Truthout, July 9, 2012
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In recent weeks Alan Simpson, the foul-mouthed former senator, has apparently been sent to the sidelines. It seems that his inability to restrain his contempt for those who are now or will in the future be dependent on Social Security and Medicare makes him an undesirable spokesperson for the drive to cut back these programs. This means that Erskine Bowles, who was the other co-chair of President Obama’s deficit commission, will play a more visible role in pushing the cause.
While Mr. Bowles is clearly better able to control his temper and his vocabulary than Senator Simpson, those are not sufficient credentials for dictating the future shape of the Social Security and Medicare systems. Despite the deference accorded Bowles in elite Washington circles, in the rest of the country his background might be seen as more a source of embarrassment than a badge of honor.
In particular, people should have cause for concern about his track record as a director of Morgan Stanley, the huge Wall Street investment bank. Morgan Stanley is one of the major investment banks that played a central role in propelling the housing bubble. In the years 2002-2006, as house prices were soaring into the stratosphere and mortgage standards were falling through the fall, Morgan Stanley was buying up tens of billions of dollars of junk loans and packaging them into mortgage backed securities to be sold across the globe.
Bowles joined the party in December of 2005, when the frenzy was approaching a peak. Mr. Bowles was well-compensated for his work. In 2008 he pocketed $335,000 for his duties. This sum is more than 270 times the average monthly Social Security check of $1,200. In other words, Mr. Bowles was paid more money from Morgan Stanley in 2008 than most Social Security beneficiaries will collect throughout their entire retirement.
Some folks may recall that 2008 was the year that the financial system nearly melted down. Morgan Stanley was at the center of this meltdown. After Bear Stearns collapsed in March of that year, followed by the bankruptcy of Lehman in September, Morgan Stanley was standing in line as one of the three remaining independent investment banks.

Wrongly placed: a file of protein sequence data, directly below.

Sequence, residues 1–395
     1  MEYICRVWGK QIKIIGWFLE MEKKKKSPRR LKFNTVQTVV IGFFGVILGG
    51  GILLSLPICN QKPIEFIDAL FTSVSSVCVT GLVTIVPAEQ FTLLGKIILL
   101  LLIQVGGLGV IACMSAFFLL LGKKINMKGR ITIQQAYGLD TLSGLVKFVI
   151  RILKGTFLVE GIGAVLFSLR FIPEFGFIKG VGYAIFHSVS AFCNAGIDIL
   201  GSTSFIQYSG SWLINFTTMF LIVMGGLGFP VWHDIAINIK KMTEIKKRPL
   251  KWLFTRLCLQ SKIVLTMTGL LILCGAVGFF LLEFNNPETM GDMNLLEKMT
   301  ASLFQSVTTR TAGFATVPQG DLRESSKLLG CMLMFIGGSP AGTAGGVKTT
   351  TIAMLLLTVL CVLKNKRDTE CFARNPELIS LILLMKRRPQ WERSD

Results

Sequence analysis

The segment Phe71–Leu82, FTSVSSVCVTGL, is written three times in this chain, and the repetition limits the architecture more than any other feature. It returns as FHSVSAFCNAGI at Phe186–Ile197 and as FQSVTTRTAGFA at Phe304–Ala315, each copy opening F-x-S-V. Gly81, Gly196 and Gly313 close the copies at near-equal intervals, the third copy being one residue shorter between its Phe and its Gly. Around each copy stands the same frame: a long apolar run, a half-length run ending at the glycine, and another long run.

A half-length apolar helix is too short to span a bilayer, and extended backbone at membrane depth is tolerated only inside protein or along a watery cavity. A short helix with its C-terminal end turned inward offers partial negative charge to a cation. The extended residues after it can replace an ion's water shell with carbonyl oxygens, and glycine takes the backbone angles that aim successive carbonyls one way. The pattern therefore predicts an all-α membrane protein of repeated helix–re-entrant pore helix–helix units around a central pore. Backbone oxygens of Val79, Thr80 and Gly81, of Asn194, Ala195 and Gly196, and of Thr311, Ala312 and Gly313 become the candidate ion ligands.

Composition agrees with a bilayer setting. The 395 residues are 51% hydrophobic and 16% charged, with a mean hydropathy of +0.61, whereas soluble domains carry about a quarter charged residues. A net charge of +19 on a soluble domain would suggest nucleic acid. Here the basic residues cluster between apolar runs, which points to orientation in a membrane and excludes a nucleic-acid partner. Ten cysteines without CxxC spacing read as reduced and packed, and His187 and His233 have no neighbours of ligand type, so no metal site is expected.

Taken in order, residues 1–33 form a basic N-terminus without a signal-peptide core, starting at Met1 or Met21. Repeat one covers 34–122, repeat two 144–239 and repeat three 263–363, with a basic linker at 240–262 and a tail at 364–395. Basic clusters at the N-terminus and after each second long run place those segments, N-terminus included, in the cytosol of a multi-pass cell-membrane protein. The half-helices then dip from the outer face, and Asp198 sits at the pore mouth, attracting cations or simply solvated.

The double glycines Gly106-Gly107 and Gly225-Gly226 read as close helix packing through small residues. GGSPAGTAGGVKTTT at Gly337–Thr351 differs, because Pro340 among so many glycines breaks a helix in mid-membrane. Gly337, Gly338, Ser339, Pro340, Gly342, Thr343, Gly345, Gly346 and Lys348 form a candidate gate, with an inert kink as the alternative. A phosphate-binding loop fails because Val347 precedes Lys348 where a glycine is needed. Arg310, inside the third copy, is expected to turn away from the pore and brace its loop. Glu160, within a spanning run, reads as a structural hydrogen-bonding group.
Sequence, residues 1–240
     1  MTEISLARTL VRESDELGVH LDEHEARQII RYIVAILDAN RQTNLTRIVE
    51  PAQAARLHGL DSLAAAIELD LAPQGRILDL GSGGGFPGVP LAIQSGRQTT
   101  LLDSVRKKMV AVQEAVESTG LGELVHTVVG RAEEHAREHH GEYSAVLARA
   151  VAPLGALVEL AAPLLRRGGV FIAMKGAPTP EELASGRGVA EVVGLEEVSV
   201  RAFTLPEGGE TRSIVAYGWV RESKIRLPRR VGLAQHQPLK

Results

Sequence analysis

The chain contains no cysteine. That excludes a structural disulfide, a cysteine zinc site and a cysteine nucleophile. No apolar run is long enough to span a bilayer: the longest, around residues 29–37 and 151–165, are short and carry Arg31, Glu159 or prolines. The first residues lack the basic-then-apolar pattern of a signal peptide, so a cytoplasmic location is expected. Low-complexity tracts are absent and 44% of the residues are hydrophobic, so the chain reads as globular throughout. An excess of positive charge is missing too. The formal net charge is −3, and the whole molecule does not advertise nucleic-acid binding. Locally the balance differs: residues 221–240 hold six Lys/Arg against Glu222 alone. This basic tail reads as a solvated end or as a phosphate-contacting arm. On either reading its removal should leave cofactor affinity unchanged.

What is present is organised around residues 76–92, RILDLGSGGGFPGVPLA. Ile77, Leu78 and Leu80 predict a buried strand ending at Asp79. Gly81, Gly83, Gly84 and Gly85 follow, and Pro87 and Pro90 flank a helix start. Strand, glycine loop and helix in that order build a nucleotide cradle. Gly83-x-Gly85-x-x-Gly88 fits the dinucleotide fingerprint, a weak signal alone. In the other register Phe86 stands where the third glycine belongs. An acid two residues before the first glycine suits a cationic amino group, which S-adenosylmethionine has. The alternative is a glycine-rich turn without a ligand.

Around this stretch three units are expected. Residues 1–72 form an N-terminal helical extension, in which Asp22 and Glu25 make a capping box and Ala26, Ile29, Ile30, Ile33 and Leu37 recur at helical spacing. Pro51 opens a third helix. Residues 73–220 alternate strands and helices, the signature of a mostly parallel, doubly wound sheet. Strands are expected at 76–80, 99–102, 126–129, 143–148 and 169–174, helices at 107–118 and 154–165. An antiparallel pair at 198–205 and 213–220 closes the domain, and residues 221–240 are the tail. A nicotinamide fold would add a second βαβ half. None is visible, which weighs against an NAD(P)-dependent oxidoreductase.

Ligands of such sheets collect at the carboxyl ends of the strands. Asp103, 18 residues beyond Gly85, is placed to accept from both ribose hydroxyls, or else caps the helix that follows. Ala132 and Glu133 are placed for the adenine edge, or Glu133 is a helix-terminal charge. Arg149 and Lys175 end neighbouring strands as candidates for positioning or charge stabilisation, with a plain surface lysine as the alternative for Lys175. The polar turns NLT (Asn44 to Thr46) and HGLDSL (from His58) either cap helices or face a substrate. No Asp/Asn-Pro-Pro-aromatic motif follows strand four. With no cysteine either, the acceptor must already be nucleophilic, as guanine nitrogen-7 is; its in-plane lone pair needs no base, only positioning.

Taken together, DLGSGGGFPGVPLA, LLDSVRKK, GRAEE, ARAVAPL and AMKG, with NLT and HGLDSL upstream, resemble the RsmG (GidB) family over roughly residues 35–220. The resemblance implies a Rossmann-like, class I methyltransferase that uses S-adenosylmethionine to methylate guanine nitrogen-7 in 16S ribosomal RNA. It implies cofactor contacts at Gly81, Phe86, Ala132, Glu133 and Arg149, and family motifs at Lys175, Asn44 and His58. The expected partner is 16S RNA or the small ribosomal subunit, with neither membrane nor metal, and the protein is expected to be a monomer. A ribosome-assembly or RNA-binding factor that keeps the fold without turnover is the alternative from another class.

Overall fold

An investment bank specializes in underwriting stocks and bonds. It does not take checking and savings deposits like the commercial banks where most of us have accounts. For this reason, it does not have to deal with the scrutiny of the bank regulators. Nor does it enjoy the protection of the Federal Reserve Board or the Federal Deposit Insurance Corporation (FDIC).
When the financial crisis was reaching at its peak, this lack of protection was a huge liability. There was effectively a run on Morgan Stanley as creditors no longer trusted that the bank could repay its debts. At that time the bank was desperately looking for a deep-pocketed buyer who could stem this run.
With no obvious candidates to buy this sinking behemoth, Federal Reserve Board Chairman Ben Bernanke stepped in and allowed Morgan Stanley to become a bank holding company. This meant that the bank could now enjoy the protection of both the Fed and the FDIC. This government protection reassured investors and stemmed the bank run.
This history is noteworthy because it is a record of disastrous failure. Morgan Stanley would have gone bankrupt; it would be out of business, had it not been for the enormous generosity of Washington. In the fall of the 2008 the guarantees and below market loans provided to Morgan Stanley by the Fed, the FDIC and the Treasury were of enormous value. (Imagine if the Fed guaranteed the mortgages of underwater homeowners.) In effect, this was a transfer of billions of dollars from the taxpayers to the top executives, the shareholders, the creditors and the directors of Morgan Stanley.
Erskine Bowles’ job as a director of Morgan Stanley was to make sure that nothing like this happened. He was paid a huge salary to make sure that the company’s top management was following sound business practices. He failed just about as badly as a person possibly could.
Directors are also supposed to make sure that top management does not enrich themselves at the expense of shareholders. Remember, the directors ostensibly work for the shareholders and oversee top management.
It doesn’t look like Mr. Bowles and his co-directors did a very good job in this category either. John J. Mack, the bank’s CEO, collected $25 million in bonuses for his work in 2005 and $40 million for his work in 2006.
This is the track record that Bowles brings to his work as co-chair of President Obama’s deficit commission. This person, who was paid so incredibly well to oversee the operations of a bank that required a government bailout to stave off collapse, is telling us that we have to take a cut in Social Security and make Medicare less adequate. And the elite wonder why the public has contempt for Washington.